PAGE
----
Instagram has made a bunch of changes to the way it presents information to users and it just made another change that we think will be even friendlier for creatives such as photographers.
As most of us that have used Instagram (or even have a cursory knowledge of it) are aware, the whole system of discovering content is centered around the use of hashtags. Well, at least it was until the platform started rolling out more contextually-based methods of finding content.
Now they’re debuting a topical search feature that will deliver up content based upon the category of what the user is looking for rather than the hashtag.
We’ll let Instagram explain:
“Search is built to help you find accounts and topics of interest. It's different from Feed, Stories, Reels and Explore because your input helps us figure out what to show you. Your search tells us what you’re looking for, and it’s noticeable when the results aren’t useful. It’s important for us to get this right, so we try to organize search results by what’s most relevant to you — whether it be a close friend, a creator you love, or ideas for vegan desserts.”
So far, there’s nothing new here as the company has trotted this blurb out with almost every new search and platform update.
The post continues:
“Let’s say you’re interested in finding pictures of space after seeing the blue moon. When you tap the search bar on the Explore page, the first thing you see is your recent searches. As you begin typing “space,” we show you accounts, audio, hashtags, and places that match the text of your search. In this case, results like @space and #space show up because ‘space’ appears in their name.”
From there, Instagram uses metrics such as your actual search text, platform activity, and broadly-based popularity indicators to then show you the content it thinks you’re likely to want to see.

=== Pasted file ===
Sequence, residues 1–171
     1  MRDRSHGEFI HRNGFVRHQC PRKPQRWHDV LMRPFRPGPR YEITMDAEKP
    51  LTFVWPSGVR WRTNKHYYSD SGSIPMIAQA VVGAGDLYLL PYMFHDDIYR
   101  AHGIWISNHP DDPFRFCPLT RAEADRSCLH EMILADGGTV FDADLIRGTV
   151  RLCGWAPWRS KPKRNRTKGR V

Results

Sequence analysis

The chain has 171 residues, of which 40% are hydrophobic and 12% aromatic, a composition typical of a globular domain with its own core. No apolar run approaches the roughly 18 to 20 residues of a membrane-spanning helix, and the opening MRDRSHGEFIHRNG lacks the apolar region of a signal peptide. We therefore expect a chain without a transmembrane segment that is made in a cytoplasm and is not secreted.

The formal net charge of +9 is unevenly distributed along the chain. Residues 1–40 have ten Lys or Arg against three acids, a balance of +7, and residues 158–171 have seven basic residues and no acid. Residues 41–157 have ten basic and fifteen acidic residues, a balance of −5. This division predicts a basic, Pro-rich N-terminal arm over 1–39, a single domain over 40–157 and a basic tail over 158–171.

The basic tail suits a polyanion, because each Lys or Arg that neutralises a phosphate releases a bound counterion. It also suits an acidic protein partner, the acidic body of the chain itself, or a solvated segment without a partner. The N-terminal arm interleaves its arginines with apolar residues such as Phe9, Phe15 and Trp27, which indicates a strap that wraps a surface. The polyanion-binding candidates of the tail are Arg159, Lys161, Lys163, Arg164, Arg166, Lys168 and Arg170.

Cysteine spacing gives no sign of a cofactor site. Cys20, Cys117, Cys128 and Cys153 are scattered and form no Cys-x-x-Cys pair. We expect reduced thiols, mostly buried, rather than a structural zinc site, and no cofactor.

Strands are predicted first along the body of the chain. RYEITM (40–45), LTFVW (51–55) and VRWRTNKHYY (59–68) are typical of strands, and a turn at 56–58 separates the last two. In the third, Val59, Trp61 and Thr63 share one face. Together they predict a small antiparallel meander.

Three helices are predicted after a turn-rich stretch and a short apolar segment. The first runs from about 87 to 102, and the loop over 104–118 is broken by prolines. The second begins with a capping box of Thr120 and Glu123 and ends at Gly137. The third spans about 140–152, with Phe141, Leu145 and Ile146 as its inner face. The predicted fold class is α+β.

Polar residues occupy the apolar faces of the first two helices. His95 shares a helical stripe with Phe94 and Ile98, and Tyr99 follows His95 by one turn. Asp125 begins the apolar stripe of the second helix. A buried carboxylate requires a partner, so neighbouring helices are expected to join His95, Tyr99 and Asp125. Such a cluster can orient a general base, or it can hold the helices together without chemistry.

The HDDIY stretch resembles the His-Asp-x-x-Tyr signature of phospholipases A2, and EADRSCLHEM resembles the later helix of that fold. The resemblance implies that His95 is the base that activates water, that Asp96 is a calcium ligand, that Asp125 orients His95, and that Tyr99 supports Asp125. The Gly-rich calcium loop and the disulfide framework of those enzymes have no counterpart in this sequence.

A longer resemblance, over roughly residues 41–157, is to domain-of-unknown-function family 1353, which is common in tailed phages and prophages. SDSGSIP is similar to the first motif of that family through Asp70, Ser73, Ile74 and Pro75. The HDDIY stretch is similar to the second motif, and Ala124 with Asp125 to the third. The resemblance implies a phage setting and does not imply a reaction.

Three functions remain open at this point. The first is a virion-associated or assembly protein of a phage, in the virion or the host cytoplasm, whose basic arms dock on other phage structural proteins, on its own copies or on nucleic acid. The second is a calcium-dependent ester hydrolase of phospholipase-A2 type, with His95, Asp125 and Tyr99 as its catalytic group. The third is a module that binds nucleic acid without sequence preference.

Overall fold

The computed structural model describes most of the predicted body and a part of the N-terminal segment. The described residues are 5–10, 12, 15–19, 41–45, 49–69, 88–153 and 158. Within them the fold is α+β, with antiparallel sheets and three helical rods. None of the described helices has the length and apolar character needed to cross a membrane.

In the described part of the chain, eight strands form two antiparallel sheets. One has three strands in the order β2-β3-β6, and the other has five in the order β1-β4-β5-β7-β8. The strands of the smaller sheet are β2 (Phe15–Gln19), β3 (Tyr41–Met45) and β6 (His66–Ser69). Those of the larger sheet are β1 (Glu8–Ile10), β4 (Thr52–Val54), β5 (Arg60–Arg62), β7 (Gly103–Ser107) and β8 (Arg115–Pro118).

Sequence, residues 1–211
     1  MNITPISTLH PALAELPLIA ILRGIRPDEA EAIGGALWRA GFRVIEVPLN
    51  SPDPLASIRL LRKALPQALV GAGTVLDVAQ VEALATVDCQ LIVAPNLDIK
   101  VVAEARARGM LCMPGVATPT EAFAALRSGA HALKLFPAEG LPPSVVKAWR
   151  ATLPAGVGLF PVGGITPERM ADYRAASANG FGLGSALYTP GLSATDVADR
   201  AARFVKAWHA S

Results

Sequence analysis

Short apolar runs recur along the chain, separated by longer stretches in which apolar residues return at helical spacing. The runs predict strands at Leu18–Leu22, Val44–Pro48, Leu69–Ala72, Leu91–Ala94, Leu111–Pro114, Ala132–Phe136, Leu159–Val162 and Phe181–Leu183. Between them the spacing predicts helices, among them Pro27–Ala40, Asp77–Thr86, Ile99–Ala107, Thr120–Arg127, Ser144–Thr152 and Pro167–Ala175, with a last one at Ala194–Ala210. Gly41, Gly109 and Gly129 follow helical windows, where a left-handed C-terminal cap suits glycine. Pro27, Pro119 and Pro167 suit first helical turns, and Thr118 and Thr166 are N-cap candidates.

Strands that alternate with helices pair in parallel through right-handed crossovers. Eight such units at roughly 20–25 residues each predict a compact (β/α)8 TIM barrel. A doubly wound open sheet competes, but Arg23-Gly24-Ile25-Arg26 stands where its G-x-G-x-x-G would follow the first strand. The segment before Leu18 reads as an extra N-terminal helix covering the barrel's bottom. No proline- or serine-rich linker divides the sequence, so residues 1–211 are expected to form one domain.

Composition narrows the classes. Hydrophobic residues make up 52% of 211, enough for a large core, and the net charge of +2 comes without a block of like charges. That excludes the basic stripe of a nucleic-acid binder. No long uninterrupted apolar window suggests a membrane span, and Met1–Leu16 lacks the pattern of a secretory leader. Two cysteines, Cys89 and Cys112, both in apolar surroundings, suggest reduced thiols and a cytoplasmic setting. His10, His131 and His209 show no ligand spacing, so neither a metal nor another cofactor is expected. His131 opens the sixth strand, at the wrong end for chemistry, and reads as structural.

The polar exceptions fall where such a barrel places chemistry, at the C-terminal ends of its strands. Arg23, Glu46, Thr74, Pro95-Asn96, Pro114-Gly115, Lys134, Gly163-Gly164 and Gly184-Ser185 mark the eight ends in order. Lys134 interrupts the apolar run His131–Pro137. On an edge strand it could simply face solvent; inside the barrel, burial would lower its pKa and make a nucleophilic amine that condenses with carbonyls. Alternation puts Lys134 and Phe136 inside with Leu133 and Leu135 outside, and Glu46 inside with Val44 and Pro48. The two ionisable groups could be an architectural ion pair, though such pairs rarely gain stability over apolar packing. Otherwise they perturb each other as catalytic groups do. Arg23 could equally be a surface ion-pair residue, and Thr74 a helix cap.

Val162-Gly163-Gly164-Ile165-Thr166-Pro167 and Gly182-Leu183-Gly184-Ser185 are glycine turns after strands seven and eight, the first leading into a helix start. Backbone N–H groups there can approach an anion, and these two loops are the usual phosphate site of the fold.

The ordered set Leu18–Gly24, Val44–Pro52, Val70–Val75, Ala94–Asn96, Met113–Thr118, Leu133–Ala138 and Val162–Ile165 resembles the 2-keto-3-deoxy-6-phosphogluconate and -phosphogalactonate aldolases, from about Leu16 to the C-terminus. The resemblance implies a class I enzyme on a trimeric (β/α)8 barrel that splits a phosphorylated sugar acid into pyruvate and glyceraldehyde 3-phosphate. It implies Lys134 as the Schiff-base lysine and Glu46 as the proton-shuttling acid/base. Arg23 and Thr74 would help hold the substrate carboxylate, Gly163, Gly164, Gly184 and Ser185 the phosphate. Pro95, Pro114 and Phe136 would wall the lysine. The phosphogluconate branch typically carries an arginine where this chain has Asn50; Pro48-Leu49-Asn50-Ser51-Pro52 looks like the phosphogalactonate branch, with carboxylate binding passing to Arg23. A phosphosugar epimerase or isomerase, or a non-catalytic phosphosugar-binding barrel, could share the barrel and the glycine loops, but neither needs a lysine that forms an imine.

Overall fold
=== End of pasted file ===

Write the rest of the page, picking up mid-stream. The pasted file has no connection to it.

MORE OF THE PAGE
In many ways, this sounds more like what Google and YouTube do with searches on each of those platforms. At the end of the day it makes it easier for people to find content and associated accounts that they are interested in seeing and following. It also probably helps a lot with Instagram’s push into commerce.
Beyond that, though, it takes some of the edge off of hashtag manipulation schemes and potentially opens up a new world of possibilities for less savvy though no less talented content creators on the platform.
As nice as all of that might be, some of us are probably still wary of investing too much time into Instagram after the whole “our future is video” PR debacle. Still, as a way of finding relevant content in our field, Instagram is one of the best places out there – even though Twitter is trying to nip at their heels with improved image uploads.
What do you think of Instagram adding a topical search feature to its content discovery options? Will these changes benefit photographers ultimately? Let us know your thoughts on Instagram’s latest change in the comments below.
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